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Call for Papers - DIST Workshop at CSCW 2012, February 11, 2012, Seattle, WA

http://distworkshop.wordpress.com

The First Workshop on Design, Influence, and Social Technologies will be held as part of CSCW 2012.

Social technologies hold the potential to change the lives of individuals and alter the dynamics of whole societies. Designers and administrators of social technology thus hold great power, and so have a responsibility to understand these consequences and use this understanding to make informed and ethical desgin choices.

The goal of this workshop is to begin developing bridges between the techniques, impacts, and ethics of influence in social technology. We are seeking papers that address one or more of the following areas:

Tools & Techniques – How might tools and techniques be deployed to influence the spread of particular behaviors, information, or beliefs within social technology platforms? Contributions might cover existing or envisioned techniques, including (but not limited to): selective information targeting, the setting of defaults, filtering mechanisms, recommendation algorithms, saliency of features, motivational messaging, and attempts to reconfigure social networks.

Impacts & Analysis – What are the potential impacts of these techniques, both at the individual level and also within the broader ecology of multiple sociotechnical systems and at time scales that might reveal extended system dynamics? We welcome new methods of study that can be used to measure the influence of design elements across multiple levels of sociotechnical systems.

Ethics & Power - If a technology is designed to alter the behavior of its users, how and why are values and strategic choices manifested in system design, and how are such decisions made? How can we conceptualize control and persuasion when they are embedded in sociotechnical systems? Can we articulate ethical guidelines regarding if, when, and how social technologies should manipulate users toward some beneficial end? Suggested topics include but are not limited to: the roles of transparency, openness, accountability, and choice in system design; what it might mean for a technology to be “pro-social”; what participatory or user-centered design might look like in this context.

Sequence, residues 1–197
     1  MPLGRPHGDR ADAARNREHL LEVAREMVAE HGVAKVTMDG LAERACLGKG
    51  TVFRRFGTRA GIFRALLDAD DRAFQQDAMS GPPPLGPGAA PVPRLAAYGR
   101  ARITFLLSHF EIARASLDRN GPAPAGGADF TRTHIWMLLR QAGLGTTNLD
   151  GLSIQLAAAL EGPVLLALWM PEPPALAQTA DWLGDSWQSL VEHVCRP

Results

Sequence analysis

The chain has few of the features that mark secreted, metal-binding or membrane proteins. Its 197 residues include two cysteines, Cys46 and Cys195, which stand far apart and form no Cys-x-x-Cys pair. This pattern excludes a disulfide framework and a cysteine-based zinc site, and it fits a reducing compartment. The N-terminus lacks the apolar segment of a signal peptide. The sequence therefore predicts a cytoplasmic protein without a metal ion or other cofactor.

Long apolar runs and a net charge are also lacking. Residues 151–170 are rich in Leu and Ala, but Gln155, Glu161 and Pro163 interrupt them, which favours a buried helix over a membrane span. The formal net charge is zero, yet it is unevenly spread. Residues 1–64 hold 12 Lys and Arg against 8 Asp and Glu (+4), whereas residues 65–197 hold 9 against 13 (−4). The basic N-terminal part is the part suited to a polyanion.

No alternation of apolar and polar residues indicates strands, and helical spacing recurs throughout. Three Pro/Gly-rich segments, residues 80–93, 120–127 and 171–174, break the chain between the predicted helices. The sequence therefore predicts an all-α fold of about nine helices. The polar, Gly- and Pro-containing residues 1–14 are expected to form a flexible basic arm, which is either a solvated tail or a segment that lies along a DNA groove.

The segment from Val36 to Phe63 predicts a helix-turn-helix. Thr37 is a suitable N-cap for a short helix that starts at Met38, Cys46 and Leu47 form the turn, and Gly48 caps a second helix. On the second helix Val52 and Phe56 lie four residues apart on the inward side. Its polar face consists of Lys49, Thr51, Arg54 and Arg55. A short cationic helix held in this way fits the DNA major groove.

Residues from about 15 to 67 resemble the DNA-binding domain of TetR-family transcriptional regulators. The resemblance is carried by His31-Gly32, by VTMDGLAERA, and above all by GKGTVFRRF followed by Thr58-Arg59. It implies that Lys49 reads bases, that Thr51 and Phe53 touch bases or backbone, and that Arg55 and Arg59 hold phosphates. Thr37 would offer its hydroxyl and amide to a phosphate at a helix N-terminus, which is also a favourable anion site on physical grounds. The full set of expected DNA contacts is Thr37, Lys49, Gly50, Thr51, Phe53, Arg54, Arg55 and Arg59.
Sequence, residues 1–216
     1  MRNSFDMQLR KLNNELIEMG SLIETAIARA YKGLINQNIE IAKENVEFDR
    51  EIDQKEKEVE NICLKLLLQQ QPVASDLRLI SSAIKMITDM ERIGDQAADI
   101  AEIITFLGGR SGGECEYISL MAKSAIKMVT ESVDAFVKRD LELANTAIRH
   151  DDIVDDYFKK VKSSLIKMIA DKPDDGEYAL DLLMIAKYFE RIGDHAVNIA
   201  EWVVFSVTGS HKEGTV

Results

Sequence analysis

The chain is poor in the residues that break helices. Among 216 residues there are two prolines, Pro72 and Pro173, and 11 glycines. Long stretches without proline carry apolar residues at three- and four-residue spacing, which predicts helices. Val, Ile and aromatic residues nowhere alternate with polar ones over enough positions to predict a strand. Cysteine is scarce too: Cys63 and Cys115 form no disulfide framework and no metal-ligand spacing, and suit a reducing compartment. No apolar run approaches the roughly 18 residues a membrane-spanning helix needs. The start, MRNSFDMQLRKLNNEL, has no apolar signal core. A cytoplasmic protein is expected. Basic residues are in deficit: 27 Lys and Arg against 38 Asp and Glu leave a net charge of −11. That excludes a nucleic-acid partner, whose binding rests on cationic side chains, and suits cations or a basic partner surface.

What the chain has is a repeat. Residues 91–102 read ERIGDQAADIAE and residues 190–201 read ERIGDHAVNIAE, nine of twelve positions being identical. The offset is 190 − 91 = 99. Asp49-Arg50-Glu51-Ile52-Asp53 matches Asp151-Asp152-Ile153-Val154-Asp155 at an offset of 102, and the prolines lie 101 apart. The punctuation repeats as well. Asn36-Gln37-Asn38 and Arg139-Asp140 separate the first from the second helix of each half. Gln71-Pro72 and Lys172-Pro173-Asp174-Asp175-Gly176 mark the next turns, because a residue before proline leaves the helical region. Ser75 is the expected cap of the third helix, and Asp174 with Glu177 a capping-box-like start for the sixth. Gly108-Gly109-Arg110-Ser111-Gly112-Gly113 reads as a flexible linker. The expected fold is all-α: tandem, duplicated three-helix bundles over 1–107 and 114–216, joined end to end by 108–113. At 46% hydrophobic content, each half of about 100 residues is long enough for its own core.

We invite submissions related to the theme in the following categories:

- Short (1-4 pages) position papers.
- Long (8-10 pages) papers.  

All papers should use the HCI Archive Format, though it is not necessary to use the ACM Classification System. Please upload PDF format submissions to Easy Chair by midnight, November 25, 2011.

Submissions will be reviewed by the co-organizers, and selected on the basis of quality and in order to maximize the diversity of topics. Submission is required for participation, and at least one author of each accepted paper must register for the workshop. Authors of long papers will be given time to present their material.

More information can be found at the DIST Workshop Web site, or please contact [log in to unmask] with additional questions.

Co-organizers:

Josh Introne – Center for Collective Intelligence, MIT
Karen Levy – Department of Sociology, Princeton University
Sean Munson – School of Information, University of Michigan
Sean Goggins – The iSchool, Drexel University
Rick Wash – Telecommunications, Information Studies, and Media, Michigan Univerisity
Cecilia Aragon – Human Centered Design & Engineering, University of Washington
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